Very peaceful and lovely, but not normal. We love and miss our festive season regulars, the irregulars and those in other realms. Love to our families and friends far and wide. You light up our lives.
Christmas Eve 2020, what to say! Facebook reminded me yesterday that the day before Christmas Eve is usually Christmas Jumper Day, if it is a work day. Not @theoldmortuary we usually rock a festive t-shirt, you can hide it under scrubs and flash when appropriate.
Which is very fortunate for this meandering blog . Facebook also shared a video with me this morning. It seems only right to share it on here too.
My favourite Christmas tune of all time.
It’s very strange looking into a fridge on Christmas Eve and still see spare capacity. It’s also odd to feel able to crack open the festive treats, Cheese Footballs, without a pang of guilt that I am depriving my children of a heritage, festive, comestible. No family for us this year, just an empty table where sometimes there have been over twenty. Not this actual table obviously.
Back to Cheese footballs.The more retro cheese footballs become the more significant it is to hunt them down early in the festive shopping season. I’ve had these little chaps since September. I have even supplied other families with them. I am obsessed!
In these Covid times where even trivial things have disappeared I thought I would share my personal timeline of cheese footballs
My grandparents owned a country pub for most of their lives. A substantial meal in their establishment was a pickled egg and a bag of crisps.
High days and holidays were marked by bar snacks. This was long before the health hazards of such things was common knowledge. Christmas was marked by swapping out the dry peanut and raisin combo for Huntley and Partners Cheese Footballs. The tin below is the retail version. Pubs could get a substantial size catering pack in the same design. Nobody ever knew that my greedy hands helped themselves to the Christmas stock long before it got to the bar, which for reasons explained below is a good thing!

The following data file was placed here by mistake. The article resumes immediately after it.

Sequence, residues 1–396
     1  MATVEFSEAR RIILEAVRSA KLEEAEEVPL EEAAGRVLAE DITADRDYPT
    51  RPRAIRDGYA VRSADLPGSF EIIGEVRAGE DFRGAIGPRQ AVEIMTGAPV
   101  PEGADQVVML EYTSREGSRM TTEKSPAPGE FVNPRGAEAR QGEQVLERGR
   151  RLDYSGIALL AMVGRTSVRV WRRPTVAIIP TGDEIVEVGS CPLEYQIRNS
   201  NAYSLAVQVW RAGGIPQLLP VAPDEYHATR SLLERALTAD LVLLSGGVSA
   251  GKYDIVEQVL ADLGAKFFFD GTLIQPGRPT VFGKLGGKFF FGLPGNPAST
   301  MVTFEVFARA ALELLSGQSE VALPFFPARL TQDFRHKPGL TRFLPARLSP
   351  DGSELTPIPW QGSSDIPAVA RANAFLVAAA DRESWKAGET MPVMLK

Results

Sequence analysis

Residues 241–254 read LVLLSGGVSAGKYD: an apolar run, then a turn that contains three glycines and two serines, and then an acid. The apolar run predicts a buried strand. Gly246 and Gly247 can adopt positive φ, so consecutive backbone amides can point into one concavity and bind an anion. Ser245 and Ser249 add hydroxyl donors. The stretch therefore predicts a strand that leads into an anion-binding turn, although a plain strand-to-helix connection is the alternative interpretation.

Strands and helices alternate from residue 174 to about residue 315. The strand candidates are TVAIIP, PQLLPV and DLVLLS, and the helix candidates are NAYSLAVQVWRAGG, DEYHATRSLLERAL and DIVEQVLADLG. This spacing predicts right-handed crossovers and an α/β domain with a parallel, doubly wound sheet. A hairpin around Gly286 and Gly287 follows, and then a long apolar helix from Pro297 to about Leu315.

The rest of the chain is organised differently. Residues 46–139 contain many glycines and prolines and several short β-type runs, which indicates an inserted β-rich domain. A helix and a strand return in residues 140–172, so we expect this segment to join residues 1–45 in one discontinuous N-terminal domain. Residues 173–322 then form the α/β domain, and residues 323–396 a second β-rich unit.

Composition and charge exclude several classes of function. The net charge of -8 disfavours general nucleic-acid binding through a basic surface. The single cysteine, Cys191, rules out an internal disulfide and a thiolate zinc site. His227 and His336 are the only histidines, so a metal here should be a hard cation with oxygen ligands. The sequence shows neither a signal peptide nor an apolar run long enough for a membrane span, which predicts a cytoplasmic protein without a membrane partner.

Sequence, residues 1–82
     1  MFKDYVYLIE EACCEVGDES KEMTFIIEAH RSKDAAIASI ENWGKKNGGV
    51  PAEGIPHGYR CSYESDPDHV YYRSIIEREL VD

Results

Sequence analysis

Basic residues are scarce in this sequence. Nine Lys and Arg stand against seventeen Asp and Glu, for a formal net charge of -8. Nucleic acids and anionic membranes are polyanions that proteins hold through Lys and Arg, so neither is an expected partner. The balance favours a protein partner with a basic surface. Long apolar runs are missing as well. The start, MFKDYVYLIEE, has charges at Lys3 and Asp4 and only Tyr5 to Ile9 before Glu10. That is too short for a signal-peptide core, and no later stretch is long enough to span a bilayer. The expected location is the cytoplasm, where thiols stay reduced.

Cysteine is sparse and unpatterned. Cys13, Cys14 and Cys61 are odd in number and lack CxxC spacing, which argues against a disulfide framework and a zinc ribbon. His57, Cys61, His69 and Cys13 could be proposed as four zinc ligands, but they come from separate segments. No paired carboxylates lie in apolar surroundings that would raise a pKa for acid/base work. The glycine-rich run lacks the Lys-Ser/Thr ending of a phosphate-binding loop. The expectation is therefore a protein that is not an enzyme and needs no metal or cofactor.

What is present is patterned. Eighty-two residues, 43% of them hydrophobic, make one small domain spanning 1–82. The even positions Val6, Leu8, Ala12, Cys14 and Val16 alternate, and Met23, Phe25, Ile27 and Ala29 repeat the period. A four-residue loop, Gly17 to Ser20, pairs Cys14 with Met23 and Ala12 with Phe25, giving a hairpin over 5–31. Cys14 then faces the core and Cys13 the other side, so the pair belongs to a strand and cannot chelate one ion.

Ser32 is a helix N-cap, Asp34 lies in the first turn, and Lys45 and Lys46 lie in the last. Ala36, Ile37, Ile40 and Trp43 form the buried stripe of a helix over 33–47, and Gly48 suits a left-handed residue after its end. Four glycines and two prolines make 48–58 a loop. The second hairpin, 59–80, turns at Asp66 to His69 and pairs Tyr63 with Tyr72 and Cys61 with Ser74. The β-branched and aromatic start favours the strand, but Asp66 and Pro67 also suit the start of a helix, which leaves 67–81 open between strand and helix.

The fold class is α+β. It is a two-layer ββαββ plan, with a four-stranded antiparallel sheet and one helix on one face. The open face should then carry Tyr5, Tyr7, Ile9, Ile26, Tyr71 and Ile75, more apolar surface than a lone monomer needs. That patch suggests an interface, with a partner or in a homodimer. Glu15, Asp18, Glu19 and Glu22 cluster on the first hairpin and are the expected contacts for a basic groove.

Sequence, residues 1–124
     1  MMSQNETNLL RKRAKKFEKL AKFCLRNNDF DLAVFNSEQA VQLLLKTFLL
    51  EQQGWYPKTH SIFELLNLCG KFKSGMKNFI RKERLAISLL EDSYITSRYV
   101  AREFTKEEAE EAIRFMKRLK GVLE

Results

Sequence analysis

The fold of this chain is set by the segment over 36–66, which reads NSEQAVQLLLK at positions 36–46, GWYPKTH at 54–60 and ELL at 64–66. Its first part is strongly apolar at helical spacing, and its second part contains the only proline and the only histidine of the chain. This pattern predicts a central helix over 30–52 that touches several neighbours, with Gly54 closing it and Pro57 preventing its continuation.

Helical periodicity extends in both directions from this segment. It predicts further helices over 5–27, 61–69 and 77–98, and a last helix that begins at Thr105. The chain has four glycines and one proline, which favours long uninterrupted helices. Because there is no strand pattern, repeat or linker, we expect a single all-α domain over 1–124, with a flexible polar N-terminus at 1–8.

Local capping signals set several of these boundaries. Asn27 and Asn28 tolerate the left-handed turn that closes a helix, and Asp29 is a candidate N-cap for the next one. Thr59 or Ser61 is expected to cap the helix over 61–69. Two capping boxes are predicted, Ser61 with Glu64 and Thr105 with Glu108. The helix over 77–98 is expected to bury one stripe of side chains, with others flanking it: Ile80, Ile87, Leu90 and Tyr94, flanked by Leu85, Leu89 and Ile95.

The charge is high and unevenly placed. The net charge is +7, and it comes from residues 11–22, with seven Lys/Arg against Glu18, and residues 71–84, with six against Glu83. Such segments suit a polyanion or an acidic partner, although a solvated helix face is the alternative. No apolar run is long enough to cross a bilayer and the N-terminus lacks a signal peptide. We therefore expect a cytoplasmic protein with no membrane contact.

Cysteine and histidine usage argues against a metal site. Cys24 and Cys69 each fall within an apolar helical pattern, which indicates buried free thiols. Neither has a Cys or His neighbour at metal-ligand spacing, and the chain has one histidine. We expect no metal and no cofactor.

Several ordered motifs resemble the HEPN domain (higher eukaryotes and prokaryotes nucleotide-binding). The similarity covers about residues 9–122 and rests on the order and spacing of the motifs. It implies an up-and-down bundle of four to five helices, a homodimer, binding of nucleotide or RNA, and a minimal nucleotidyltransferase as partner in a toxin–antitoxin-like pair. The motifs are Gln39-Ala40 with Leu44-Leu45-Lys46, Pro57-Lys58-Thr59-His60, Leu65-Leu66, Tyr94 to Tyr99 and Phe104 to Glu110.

Time moved on and pubs like The Red Cow have disappeared. The illustration of the building above is an image I found earlier today on the internet.
Bar snacks have been tested and declared a bad idea because, pre- Covid, the words man, pub toilet and hand washing rarely appeared in sentences or real life. High levels of transferred urine and faecal matter could be detected in free bar snacks within half an hour of being placed on the counter. Women may also have been guilty of the non hand washing crime.
Cheese footballs not unlike the England football team are a long way from their golden years of the sixties. Every September they can be spotted in the Seasonal aisles of a few supermarkets. Dressed up in a fancier tub and sold by KP.
At this point pondering took a curious path. I googled the Red Cow to see if the internet had an image. It did and a whole lot more.
I can share with you an article from the Daily Mail discussing the conversion of the Red Cow to a dwelling. The toilets get a mention. Fascinating too that the new owner was a microbiologist.
Somewhat stranger is an image of my grandfather’s grave in Wethersfield Cemetery that appears on the same Google. Something I have never seen before. My family did mild dysfunction long before it was a ‘thing’. My grandmother , Gladys, is buried in Melbourne, Australia.
As it turns out this is exactly the right blog for Christmas Eve 2020. A curious mixture of festive, reflective, emotional and pragmatic. I urge you to view the video, it is gorgeously poignant.
Merry Christmas, thankyou for being here.
P.S Following the publication of this blog a local history group sent me two photographs of The Red Cow.
I’m not certain visiting a new part of the coast is entirely sensible at dusk and low tide, particularly in late November. Despite being fairly close to home, Hannafore Beach is completely unknown to me. After a walk towards Talland Bay and back I thought I would give the dogs a low tide rock pool scamper. They loved it.
I’m just not quite so sure myself. Apologies to the many people I know who really love this place and find it restorative. Alone on an incongruous concrete pathway leading out to sea at sunset I felt a sense of foreboding and menace. There was a sense of dead seafarers souls winding round my ankles like silken slippery manacles.
Having thoroughly spooked myself, with fanciful imaginings and uncertainty about how the tide would come in, we called it a day. Two exhausted dogs and an overactive imagination. Time to research shipwrecks in Looe Bay and put my mind at rest , or not.
P.S. I found this dog centric page on line. A much more positive vibe! I’m clearly just inventing my own ghost stories for these dark days around the winter solstice.